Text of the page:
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Employment law shakeup under new Labour government

Updated: 6 days ago


UK Houses of Parliament
Labour promises full consultation with businesses before any new legislation is passed

The election of a new Labour government raises the question of what lies ahead in terms of UK employment law.


In the lead up to the General Election on 4 July, the Labour Party proposed extensive reforms in its 'Plan to Make Work Pay'. New legislation is expected to be put before Parliament within its first 100 days in office.


Traditionally, Labour leans towards a workers-first approach which can mean extra legal and administrative obligations for businesses, not to mention further costs. The Party says it will consult fully with employers and workers on how to implement the changes before legislation is passed, promising a balance between being pro-business and pro-worker.


Some of the key changes outlined in the manifesto include:

  1. Ending 'one-sided flexibility' by banning 'exploitative' zero-hours contracts and protecting workers against unfair dismissals. Clarity is still needed here, but businesses would be wise to prepare by auditing their workforce and assessing the use of zero-hours contracts.

  2. Cracking down on 'fire and rehire' practices, where employers dismiss employees and promptly rehire them under different or often less favourable terms and conditions. Exceptions might include where a business would otherwise be unviable and have no alternatives for its survival.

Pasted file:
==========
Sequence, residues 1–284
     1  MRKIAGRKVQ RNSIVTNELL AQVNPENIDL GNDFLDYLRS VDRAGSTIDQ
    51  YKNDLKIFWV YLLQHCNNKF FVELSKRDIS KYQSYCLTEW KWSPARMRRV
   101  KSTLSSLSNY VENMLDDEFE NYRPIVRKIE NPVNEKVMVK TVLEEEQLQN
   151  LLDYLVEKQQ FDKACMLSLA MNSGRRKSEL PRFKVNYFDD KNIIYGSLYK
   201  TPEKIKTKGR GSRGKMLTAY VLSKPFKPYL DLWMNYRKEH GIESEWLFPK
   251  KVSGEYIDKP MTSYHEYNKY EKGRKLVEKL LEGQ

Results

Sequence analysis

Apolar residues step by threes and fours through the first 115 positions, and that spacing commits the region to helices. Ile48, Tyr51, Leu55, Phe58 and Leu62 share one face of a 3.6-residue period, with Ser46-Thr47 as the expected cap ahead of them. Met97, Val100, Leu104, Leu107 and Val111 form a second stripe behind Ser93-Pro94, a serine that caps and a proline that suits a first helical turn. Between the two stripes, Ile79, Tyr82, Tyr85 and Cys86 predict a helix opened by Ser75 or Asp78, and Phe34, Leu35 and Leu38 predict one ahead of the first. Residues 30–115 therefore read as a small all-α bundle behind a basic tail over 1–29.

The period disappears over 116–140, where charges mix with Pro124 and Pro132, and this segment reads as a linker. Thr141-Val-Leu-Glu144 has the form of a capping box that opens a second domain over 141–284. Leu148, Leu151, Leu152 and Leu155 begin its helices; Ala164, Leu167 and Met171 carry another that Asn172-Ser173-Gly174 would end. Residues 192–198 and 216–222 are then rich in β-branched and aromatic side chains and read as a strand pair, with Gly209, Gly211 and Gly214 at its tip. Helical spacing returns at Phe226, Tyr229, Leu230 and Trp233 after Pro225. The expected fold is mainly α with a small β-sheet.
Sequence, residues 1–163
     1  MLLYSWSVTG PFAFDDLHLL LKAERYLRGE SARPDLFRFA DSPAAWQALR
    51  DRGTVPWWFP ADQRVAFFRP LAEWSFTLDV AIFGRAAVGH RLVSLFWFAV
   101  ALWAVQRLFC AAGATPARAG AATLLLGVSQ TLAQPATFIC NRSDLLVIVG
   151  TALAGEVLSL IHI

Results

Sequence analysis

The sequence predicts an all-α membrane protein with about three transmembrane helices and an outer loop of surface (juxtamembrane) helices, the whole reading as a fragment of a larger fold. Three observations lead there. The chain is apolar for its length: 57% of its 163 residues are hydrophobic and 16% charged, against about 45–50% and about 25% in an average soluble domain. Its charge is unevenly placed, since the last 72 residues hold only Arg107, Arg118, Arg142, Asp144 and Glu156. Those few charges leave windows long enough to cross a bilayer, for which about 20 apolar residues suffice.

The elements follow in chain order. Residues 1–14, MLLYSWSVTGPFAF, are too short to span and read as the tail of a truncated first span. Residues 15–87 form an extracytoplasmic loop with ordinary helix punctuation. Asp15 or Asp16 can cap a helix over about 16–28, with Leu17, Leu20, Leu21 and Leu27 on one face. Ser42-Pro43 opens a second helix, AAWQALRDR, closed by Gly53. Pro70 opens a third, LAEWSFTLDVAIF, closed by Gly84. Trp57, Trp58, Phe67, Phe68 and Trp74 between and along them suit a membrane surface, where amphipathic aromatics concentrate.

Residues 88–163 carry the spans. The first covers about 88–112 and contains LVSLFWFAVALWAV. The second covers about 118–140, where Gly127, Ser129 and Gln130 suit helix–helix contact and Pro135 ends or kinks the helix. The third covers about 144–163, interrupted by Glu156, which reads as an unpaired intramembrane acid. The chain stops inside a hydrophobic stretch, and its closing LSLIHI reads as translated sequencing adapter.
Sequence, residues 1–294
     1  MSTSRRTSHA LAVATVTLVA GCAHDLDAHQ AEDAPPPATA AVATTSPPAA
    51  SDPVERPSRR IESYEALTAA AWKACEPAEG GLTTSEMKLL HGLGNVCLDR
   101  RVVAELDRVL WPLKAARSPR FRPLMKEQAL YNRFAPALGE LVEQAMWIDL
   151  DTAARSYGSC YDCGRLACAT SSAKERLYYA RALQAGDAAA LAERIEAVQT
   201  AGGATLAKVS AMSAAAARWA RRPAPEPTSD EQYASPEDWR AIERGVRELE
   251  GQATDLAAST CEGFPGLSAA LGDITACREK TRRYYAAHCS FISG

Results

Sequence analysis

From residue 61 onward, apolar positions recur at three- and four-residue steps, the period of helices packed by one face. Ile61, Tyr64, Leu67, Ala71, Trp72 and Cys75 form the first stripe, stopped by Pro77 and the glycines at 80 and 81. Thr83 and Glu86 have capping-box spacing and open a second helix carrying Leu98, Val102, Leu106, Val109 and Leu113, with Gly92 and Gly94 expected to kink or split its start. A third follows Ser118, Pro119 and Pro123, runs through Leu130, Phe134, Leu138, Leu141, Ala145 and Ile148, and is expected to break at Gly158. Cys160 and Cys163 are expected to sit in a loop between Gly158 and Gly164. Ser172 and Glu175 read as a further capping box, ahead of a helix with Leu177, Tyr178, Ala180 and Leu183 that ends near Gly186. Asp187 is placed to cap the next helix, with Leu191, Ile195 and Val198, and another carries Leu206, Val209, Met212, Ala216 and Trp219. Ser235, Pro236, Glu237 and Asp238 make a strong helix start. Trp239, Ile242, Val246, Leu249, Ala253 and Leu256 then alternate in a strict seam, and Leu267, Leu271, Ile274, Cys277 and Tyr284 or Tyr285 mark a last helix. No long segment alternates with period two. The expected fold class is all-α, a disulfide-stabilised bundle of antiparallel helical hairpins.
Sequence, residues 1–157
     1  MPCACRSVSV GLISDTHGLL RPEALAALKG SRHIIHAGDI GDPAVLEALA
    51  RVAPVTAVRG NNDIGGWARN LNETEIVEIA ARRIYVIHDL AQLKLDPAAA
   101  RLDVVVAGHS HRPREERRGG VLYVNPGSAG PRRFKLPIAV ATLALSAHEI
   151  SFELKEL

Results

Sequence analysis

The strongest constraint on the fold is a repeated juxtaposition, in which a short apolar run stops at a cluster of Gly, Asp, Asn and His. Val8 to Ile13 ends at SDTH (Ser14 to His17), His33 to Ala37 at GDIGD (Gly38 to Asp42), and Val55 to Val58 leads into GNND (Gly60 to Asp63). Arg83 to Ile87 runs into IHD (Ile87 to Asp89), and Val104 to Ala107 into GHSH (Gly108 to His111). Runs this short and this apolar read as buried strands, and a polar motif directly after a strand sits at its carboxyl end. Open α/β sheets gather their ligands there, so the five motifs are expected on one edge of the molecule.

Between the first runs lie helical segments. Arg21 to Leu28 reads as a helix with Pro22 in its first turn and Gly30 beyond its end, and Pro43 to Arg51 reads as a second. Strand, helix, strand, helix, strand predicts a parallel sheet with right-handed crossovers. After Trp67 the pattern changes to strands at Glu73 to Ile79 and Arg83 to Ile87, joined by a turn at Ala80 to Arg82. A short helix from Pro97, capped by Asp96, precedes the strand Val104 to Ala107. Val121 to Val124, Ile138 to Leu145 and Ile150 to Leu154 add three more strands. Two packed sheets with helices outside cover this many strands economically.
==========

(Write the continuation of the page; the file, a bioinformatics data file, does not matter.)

3. Ensuring basic employee rights from day one, removing the two-year qualifying period for certain protections. Labour has emphasised that the plans will not prevent fair dismissals for reasons such as capability, conduct, or redundancy.

  4. Simplifying employment status into a two-tier system of worker or self-employed. Currently, an individual can be an employee, worker or self employed, which can make it difficult for workers to know their rights and for businesses to comply with legal obligations.

  5. Strengthening redundancy rights by ensuring the right to redundancy consultation, with trade unions or other employee representatives, is based on the total number of people affected across the entire business rather than in a single workplace

  6. Introducing the right to 'switch off' from work to help employees stay motivated and resilient. Labour says flexible and remote working practices, which evolved from the pandemic, blurred the lines between work and home life, and measures are needed to avoid homes being turned into 24/7 offices.


Clarification is still needed for employers and employees on how these proposed new laws will apply and any exceptions to the rules. The full proposals can be found in 'Labour's Plans to Make Work Pay: Delivering a New Deal for Working People'.

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